i think that part of the problem is that breast cancer is the sexy pink cancer that everyone loves -- especially marketers with pink products in october! -- and nobody wants to sound like they are against diagnosing and treating women with cancer.

[i could do rants about pink products, AND about the cost of decor in my local breast cancer center vis a vis the great many uninisured women in that city who cannot get mammograms they need, but i probably already have.]

anyway, my sister with breast cancer sent a furious note about these new guidelines. and you know, she gets to be emotional because she has the fucking cancer. but her own rare and aggressive cancer was not detected on regular screening -- it grows fast, and is one that is frequently missed by mass screening. she falls into the underdiagnosis category; many more of us fall into the overdiagnosis/overtreatment category.

i think the new guidelines for women w/o particular risk factors are evidence-based and make sense. individual decisionmaking in light of one's personal and family history, and any symptoms, makes sense.

want to make a pitch for knowing and sharing family history. my sister's diagnosis of cancer obviously put the other sisters and me into a higher risk category. the particular and rare kind of cancer she has -- triple negative invasive ductal carcinoma -- also has health implications for the rest of us.

our aunt had a pre-cancerous condition [DCIS] which she treated with a 5 year course of tamoxifan. hormonal treatments like that do not work for my sister's cancer, and my own doctor would not prescribe hormones for my hot flashes even if i wanted that, because of my sister's kind of cancer.

irony and family dynamics alert: my sister with cancer -- the one who is angry about the new guidelines for mass screening -- did not tell me her specific diagnosis. she thinks i'm "into cancer" and [according to my fabulous aunt, who got the goods], a downer because i've known a number of people with "bad outcomes." so, whatever. i've respected her wishes not to ask about the fucking cancer, but am really glad my fabulous aunt found out, so the sisters and i can know.

kathy a. said...

oh, and my sister has done the surgery, the chemo, the radiation. her hair is back and lovely. she went on a 2 week cruise to celebrate. and she is her usual self again -- she blasted me for taking a photo of her at a family funeral that she considered unattractive. it was a great picture of her and an old family friend laughing together, but i guess all she saw was the cruise belly. sigh. family.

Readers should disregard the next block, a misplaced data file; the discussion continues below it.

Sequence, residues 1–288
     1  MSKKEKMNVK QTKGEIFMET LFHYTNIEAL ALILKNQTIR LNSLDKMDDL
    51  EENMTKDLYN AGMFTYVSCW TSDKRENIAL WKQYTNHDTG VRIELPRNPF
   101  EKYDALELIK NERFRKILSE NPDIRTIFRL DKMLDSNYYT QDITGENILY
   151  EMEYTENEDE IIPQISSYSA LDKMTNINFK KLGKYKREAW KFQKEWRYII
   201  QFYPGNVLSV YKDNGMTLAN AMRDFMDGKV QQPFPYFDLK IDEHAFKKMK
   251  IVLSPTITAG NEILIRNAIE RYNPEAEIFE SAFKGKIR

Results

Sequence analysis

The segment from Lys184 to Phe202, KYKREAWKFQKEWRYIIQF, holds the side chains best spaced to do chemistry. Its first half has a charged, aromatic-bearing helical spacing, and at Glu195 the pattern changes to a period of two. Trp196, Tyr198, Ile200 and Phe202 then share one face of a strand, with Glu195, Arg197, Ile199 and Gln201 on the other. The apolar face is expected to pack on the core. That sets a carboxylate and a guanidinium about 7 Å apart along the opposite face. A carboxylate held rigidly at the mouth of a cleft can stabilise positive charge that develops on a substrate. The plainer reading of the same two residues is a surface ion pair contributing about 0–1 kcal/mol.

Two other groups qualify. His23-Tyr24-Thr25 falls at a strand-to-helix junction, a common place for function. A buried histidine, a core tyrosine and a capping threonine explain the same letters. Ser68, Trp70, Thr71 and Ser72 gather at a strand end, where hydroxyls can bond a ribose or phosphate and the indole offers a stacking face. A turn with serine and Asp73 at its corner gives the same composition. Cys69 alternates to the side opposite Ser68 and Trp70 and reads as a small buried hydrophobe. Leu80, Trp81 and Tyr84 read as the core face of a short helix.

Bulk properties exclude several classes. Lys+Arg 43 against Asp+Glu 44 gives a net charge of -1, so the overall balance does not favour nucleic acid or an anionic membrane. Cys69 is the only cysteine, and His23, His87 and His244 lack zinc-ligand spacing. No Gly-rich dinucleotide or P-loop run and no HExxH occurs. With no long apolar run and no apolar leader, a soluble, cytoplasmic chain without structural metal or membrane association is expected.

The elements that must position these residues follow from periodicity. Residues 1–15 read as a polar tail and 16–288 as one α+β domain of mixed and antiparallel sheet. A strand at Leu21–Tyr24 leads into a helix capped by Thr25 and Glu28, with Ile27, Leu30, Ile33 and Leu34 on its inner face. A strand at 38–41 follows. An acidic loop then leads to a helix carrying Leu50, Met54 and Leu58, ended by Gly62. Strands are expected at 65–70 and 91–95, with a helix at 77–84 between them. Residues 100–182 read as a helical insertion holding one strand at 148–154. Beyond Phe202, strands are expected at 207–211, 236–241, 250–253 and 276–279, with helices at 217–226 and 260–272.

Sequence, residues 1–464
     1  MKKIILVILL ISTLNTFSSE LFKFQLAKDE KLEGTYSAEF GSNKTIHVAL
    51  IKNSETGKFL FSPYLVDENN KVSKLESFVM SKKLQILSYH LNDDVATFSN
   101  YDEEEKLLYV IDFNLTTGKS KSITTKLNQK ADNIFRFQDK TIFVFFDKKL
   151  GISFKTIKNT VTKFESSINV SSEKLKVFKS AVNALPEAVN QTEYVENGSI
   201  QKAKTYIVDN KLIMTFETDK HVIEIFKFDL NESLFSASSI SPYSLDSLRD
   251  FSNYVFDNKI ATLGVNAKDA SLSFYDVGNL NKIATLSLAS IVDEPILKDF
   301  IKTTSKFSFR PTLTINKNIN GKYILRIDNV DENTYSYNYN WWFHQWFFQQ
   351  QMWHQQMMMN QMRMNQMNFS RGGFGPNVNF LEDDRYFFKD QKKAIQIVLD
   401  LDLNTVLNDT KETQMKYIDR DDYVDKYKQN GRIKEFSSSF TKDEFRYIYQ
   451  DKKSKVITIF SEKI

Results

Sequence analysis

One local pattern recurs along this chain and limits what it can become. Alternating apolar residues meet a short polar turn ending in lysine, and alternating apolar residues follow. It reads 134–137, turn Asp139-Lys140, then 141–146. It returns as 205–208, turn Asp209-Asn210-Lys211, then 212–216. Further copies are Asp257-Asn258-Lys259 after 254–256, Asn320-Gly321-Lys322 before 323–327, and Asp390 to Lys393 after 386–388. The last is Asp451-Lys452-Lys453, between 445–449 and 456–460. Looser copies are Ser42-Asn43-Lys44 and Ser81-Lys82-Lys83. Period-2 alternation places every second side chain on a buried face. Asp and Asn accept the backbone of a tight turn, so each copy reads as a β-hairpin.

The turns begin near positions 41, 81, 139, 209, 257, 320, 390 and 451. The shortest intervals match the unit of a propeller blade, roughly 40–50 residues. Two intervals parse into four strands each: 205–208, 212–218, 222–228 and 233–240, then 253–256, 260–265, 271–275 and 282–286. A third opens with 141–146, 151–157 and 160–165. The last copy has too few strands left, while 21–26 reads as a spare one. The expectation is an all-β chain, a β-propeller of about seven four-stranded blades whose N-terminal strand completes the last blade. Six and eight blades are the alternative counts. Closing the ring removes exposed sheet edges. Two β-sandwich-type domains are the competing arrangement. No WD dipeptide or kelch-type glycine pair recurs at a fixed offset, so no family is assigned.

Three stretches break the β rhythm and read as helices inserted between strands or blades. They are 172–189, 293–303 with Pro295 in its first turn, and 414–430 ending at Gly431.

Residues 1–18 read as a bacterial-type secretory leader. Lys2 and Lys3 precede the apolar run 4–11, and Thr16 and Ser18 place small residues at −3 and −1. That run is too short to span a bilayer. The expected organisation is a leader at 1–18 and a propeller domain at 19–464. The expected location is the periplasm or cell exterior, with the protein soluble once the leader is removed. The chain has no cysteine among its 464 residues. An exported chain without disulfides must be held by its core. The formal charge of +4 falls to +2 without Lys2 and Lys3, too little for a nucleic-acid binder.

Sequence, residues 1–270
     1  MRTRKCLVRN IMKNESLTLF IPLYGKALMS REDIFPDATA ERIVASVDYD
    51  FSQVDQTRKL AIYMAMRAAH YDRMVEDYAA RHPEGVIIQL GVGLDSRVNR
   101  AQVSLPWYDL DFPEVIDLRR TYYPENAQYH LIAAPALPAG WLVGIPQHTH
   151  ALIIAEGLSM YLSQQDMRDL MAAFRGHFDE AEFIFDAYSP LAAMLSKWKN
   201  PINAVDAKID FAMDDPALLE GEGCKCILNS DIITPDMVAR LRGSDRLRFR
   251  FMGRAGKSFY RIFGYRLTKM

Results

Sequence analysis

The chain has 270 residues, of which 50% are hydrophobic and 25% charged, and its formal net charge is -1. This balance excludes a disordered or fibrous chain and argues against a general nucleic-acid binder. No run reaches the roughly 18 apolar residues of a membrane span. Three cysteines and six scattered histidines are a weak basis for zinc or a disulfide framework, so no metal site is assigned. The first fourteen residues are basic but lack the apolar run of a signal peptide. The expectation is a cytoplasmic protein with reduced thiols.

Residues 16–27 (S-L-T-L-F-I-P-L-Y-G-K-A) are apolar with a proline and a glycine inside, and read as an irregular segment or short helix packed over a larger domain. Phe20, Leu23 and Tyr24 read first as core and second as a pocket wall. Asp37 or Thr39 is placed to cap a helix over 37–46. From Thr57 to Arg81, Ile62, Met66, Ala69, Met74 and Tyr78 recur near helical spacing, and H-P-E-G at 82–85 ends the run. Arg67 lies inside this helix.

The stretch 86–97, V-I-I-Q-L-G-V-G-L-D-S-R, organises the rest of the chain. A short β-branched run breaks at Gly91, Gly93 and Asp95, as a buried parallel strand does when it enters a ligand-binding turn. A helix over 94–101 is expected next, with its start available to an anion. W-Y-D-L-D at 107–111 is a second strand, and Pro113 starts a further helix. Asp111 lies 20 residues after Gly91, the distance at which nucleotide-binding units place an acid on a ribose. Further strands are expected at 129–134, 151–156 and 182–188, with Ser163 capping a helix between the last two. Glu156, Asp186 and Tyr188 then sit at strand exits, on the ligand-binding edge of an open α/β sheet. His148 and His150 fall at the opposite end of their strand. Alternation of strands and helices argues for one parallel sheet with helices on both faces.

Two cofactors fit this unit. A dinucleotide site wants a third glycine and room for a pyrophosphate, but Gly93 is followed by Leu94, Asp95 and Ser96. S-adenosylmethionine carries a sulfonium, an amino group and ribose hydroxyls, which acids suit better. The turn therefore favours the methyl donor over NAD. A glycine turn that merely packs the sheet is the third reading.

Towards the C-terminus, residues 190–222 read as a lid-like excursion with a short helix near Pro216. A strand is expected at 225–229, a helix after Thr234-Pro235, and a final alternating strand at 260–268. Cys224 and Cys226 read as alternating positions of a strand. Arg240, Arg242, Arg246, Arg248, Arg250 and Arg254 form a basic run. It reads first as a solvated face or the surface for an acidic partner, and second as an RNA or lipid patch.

robin andrea said...

Reasonable, rational thinking about health care in general and cancer in particular? In our country? Surely you jest. We are well beyond the point of real discussion. Now it is all theater. And really lousy theater at that.

It's just a shame that the personal stories like kathy a's have to be lived within the backdrop and staging props of today's current madness.

kathy a. said...

thanks, robin. i don't think it's all theater, but agree there is way way too much of that.

cervantes, nice link on end of life care. i can do rants on that, too. ;)

a good part of the falling out over cancer with my sister who has it is, i support DNR's and health care directives and hospice -- when treatment isn't working, i want comfort and dignity for them. when our dad was dying of cancer, she basically wanted to sue the shit out of anyone she could find, and make him go through whatever was available. dad thought he would look like a wimp if he did not try everything, and so he died in an ICU after complications from the last chemo, instead of at home like he wanted. he did personally make the decision to remove the breathing machine, and we were there with him, so he got that much.

kathy a. said...

* by "good part," i mean "large part"

Anonymous said...

This article treats MS, multiple sclerosis, from a market perspective, that is it simply treats disease / illness as an economic opportunity.

I picked that one link but there are hundreds of articles like it out there. It is typical.

Who could possibly be keen on, or interested in, in a cure for MS unless it promised more profits?

Or heavy Gvmt. funding, then :: so sorry chaps, we spent the moolah and have nothing to show... Our research didn’t pan out...We took the cash to help you show that no cure, no new stuff, no hope, us extra.